Thursday, January 25, 2007

Enemy Mine: Our Societal Weakness is Our Enemy’s Strength

There’s been much talk of Mark Steyn’s new book America Alone: The End of the World as We Know It and his warning of the use of demographic jihad against the non-Muslim world. But there is another warning he gives in his book that has gone, so far, unnoticed – at least until now.

Charles Colson reviews another side of Steyn’e book not widely reported – what we have lost by what we have gained from becoming too much of a secular society.

As Steyn sees it, one major reason the Islamo-fascists hate us is not that our beliefs are inimical to theirs, but that more and more of us believe in nothing at all beyond self-indulgence. And they look down on us for this but they are also learning how to use it to their advantage. Observing the rapid growth of radical Islam in Europe, Steyn writes, "If you're a teenager in most European cities these days, you've a choice between two competing identities-a robust confident Islamic identity or a tentative post-nationalist cringingly apologetic European identity.” Radical Islam is not luring Europeans away from a solid belief system; it's providing many of them with the first real belief system they have ever had. It's filling a void for people who have nothing else to believe in or hold on to.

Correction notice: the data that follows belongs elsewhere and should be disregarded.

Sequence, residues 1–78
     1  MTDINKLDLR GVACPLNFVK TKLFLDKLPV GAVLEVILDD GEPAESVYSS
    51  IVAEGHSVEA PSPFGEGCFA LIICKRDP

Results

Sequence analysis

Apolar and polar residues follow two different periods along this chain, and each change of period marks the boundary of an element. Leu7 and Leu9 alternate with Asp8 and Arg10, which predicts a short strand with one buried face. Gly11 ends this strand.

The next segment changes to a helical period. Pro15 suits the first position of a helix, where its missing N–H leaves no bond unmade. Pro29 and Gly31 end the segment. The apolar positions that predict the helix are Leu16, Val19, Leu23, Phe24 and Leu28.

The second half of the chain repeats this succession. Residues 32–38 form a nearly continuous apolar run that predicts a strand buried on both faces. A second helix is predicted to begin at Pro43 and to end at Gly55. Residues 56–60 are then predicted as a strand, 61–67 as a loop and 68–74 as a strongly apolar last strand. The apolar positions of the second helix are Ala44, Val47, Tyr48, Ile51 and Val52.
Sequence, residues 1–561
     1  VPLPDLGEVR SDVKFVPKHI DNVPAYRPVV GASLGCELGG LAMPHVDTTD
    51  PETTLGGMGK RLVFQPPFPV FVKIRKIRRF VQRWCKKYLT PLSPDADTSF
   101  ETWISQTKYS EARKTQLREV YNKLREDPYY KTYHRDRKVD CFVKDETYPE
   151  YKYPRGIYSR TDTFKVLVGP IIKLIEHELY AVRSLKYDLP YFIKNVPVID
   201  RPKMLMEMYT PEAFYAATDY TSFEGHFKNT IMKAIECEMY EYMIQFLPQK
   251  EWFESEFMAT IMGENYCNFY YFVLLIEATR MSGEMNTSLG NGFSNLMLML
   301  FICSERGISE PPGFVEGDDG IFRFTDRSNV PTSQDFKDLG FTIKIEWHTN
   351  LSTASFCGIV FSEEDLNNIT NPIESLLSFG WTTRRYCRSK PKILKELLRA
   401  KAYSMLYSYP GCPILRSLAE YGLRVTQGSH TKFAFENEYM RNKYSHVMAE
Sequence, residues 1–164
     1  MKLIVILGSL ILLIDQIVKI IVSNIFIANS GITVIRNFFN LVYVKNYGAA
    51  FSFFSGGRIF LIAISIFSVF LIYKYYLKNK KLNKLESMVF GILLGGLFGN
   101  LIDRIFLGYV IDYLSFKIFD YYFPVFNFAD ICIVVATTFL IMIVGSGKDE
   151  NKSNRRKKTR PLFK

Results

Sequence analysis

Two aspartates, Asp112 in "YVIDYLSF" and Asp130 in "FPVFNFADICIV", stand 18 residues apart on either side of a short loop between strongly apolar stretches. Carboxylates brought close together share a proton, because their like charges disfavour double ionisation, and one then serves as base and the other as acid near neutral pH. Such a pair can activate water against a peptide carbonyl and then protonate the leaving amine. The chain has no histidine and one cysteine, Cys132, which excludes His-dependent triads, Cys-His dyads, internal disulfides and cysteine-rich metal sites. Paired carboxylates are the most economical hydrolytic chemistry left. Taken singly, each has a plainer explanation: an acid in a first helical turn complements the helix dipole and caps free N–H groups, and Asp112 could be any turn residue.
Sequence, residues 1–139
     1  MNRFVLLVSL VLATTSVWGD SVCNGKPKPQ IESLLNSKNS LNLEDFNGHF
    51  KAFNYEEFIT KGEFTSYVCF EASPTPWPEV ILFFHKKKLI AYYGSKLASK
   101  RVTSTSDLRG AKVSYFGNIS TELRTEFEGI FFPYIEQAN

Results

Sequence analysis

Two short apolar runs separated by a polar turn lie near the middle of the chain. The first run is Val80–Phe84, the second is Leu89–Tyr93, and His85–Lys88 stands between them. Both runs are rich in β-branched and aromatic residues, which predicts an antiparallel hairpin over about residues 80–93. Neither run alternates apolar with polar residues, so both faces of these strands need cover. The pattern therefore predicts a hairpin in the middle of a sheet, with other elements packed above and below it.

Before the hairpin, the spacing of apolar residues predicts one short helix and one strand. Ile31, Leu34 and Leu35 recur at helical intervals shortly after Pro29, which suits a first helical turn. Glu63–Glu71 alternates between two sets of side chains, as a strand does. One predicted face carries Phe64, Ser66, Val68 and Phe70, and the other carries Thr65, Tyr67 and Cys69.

Steyn says that Secularists in Europe - and in America as well - do not understand this.

"One reason why the developed world has a difficult job grappling with the Islamist threat is that it doesn't take religion seriously. It condescends to it." That condescension makes secularists unable to see what's going on right under their noses. It's similar to the situation that's been going on in our prisons for years now, which I've talked about several times on "BreakPoint." Prisoners all share one thing: a need for something to fill the emptiness in their lives. We have seen this in the thousands of prisons we work in. Radical Islamists know this, and they have made a point of targeting prisoners for conversion. Their brand of religion offers people that sense of belonging, of something worth living and dying for, that people need - the very thing that postmodern secular societies do not offer. And that's a big part of what makes radical Islam so dangerous.

As Steyn put it in a recent interview for our "BreakPoint" website, "Islam is a weak enemy, and its strength is determined by what it's pushing against." The problem is that Europe and, increasingly, America are putting up very little resistance.

Read the rest at The Gathering Storm.

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